### Measuring the Casimir Effect

Marcus Sparnaay, in 1958, conducted one of the first experimental tests in a delicate and challenging experiment with parallel plates, obtaining results not in contradiction with the Casimir theory but with significant experimental errors. A more accurate measurement of the Casimir effect was conducted by Steve K. Lamoreaux of Los Alamos National Laboratory and Umar Mohideen and Anushree Roy of California, Riverside. In practice, we use one flat plate and another plate that is a part of a sphere with a large radius to measure the Casimir effect because using two parallel plates would require accurate alignment to ensure they are parallel. Finally, in 2001, using microresonators, a group at the University of Padua succeeded in measuring the Casimir force between parallel plates.

## Applications of Casimir Forces

• Casimir Forces have their broad application in nanotechnology, especially silicon integrated technology-based on Casimir oscillators, nano-electromechanical, and Microsystems.
• A few examples state that the repulsive force that arises between two uncharged objects is due to the Casimir effect. This has created interests in the development of applications regarding the advancement of levitating devices.

## Frequently Asked Questions – FAQs

Q1

### What is the Casimir effect?

The Casimir effect is a small attractive force that acts between two close parallel uncharged conducting plates. The force arises due to the quantum fluctuation of the electromagnetic field.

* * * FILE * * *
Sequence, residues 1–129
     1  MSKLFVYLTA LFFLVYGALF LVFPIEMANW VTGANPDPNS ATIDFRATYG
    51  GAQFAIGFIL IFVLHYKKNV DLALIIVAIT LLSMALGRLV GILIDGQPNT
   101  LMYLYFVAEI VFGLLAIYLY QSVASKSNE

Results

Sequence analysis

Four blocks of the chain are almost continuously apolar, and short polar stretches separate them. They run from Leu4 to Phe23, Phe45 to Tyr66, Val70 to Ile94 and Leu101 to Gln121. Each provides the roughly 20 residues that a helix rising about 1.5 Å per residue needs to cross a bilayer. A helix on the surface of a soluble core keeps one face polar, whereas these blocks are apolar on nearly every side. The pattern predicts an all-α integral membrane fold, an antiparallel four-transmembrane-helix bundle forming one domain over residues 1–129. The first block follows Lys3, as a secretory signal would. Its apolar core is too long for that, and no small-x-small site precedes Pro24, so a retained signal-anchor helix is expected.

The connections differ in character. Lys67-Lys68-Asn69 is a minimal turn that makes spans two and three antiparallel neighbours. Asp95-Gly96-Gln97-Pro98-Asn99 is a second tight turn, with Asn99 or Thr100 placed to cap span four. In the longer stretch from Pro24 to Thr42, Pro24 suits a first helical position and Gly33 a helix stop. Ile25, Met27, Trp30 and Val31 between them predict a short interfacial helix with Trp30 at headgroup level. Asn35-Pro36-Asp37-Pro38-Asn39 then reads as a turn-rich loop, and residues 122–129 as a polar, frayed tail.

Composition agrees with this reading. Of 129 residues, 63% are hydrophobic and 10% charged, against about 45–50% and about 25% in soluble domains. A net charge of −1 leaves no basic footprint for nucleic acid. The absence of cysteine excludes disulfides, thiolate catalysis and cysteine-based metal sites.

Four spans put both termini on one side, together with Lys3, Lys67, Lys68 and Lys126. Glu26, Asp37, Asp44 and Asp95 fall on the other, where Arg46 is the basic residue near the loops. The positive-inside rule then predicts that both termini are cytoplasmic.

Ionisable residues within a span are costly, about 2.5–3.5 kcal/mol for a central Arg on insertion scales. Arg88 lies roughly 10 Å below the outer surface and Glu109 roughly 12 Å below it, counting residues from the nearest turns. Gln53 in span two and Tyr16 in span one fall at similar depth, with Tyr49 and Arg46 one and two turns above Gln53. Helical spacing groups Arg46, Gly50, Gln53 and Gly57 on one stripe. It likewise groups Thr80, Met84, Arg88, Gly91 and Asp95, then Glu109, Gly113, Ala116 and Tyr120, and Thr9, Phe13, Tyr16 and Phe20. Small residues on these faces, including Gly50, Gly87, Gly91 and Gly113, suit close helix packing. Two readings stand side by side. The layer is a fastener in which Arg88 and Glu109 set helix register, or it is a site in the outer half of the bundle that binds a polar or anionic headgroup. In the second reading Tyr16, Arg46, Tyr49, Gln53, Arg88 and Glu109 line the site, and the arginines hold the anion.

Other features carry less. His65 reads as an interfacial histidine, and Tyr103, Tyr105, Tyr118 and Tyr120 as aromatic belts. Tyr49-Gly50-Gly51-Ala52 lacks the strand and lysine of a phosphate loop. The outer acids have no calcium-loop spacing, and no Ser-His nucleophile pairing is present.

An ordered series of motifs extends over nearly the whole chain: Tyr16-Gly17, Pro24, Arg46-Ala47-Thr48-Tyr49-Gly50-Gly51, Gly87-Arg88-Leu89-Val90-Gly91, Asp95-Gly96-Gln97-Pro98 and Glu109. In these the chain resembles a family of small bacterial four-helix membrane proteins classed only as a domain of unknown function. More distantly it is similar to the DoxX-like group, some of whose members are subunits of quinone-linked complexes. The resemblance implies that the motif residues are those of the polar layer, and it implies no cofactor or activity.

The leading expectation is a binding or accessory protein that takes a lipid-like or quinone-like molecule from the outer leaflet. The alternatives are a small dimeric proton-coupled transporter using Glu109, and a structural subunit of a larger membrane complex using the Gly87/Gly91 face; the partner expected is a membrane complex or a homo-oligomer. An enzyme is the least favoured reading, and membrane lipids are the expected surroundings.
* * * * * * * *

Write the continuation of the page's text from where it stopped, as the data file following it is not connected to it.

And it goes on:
Q2

### How does the Casimir Effect work?

The Casimir effect can be understood by two mirrors that are placed in a vacuum facing each other. Some waves in the vacuum will occupy the space between the mirrors bouncing backwards and forward. Once the mirrors are moved closer to each other the longer waves due to lack of space may no longer fit in. As a result, the total amount of energy that is present between the plates will less compared to the energy that is present elsewhere in the vacuum. The two mirrors attract each other just as two objects are held together by a stretched spring. Until the energy stored in the spring decreases, there exists a movement of two mirrors. Due to this effect, the two mirrors will be attracted to each other, and this effect is termed the Casimir Effect.

Q3

### How strong is the Casimir Effect?

Although this force might appear small, at distances below a micrometre the Casimir force becomes the strongest force between two neutral objects.

Q4

### What causes Casimir Effect?

The Casimir effect is caused due to the quantum fluctuation of the electromagnetic field.
Q5

### The Casimir effect is named after which Physicist?

The Casimir effect is named after Hendrik Casimir

Hope you have learned in detail about the Casimir effect. Stay tuned to BYJU’S to learn concepts of physics with the help of interactive video lessons.